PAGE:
Updated: Apr 18
Words by Sebastian Frame
‘Video is Monitored. Keep it Clean!’ A couple of months ago, some friends and I hooked up our laptops to a plasma TV and we went on Omegle; a website that lets you talk to strangers across the world in the form of quick video-chats. Breaking through our well-known innate modern-day human security settings of only speaking to people we know online, it broke through a common default setting of ours. We engaged in some unfamiliar yet mind-opening Pandoras-Box-type conservations and met an interesting series of characters - whom we'd definitely never have crossed paths with - including an Israeli Likud supporter, an indie rocker in South Carolina, a white rapper in Florida and a metalhead in Brazil who merrily enjoyed our silly jokes. It was during this last particular session I truly felt a genuinely deep feeling of connection with the world (as fucking cheesy as that sounds), and I walked away from my Omegle experience surprisingly impressed by the way people can reach out to each other across such vast distances and still be able to connect in such a genuine way.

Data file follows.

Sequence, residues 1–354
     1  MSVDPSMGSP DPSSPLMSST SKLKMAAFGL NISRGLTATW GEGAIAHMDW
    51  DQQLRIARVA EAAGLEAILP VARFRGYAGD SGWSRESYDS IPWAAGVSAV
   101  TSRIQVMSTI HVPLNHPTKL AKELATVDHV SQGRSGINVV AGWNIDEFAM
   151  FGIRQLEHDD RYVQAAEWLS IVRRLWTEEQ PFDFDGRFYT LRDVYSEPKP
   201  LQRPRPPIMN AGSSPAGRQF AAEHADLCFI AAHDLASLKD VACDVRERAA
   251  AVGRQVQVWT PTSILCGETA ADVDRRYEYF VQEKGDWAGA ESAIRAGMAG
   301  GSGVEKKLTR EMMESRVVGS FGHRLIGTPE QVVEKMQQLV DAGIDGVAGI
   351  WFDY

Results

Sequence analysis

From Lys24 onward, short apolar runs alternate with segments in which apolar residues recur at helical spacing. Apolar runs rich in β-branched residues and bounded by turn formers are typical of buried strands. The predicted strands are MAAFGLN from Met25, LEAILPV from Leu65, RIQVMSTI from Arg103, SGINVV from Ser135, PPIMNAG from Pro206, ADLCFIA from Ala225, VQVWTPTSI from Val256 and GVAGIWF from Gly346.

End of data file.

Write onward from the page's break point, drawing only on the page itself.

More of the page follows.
But then I thought, wait; not so fast. Is that it? I admit I felt eye-opened and positive about the experience but also, somehow tainted, especially after May 8th 2020. It was on that night that I experienced an odd moment on the Omegle chat room with a person known as ‘The Hooded Gamer’; a Guy Fawkes mask-wearing individual adorning huge headphones languished over a stark, black hood. After connecting and introducing myself to no avail, he suddenly reared his gaze from under his hood and blankly stared at me with milk-blue vacant eyes and began typing, reading right-side screen laterally as: ‘Stockport?’
I froze a moment, for no other reason than I was actually a resident of Stockport, went to school in Bramhall, played school sports across the county, and had the misfortune of suffering both an older and younger brother in secondary school. I felt somehow, strangely, vulnerable and threatened; violated at a stretch or at least a victim of a violation of trust; a betrayal of the unspoken guaranteed anonymity any user would expect when using a website with an audience spanning countries. After reading the message and my eyes visibly widened in horror, he quickly left the chat and disappeared forever, into the pixelated mist of the world wide web. (I’m still awaiting my untimely death at the hands of 'The Hooded Gamer'.)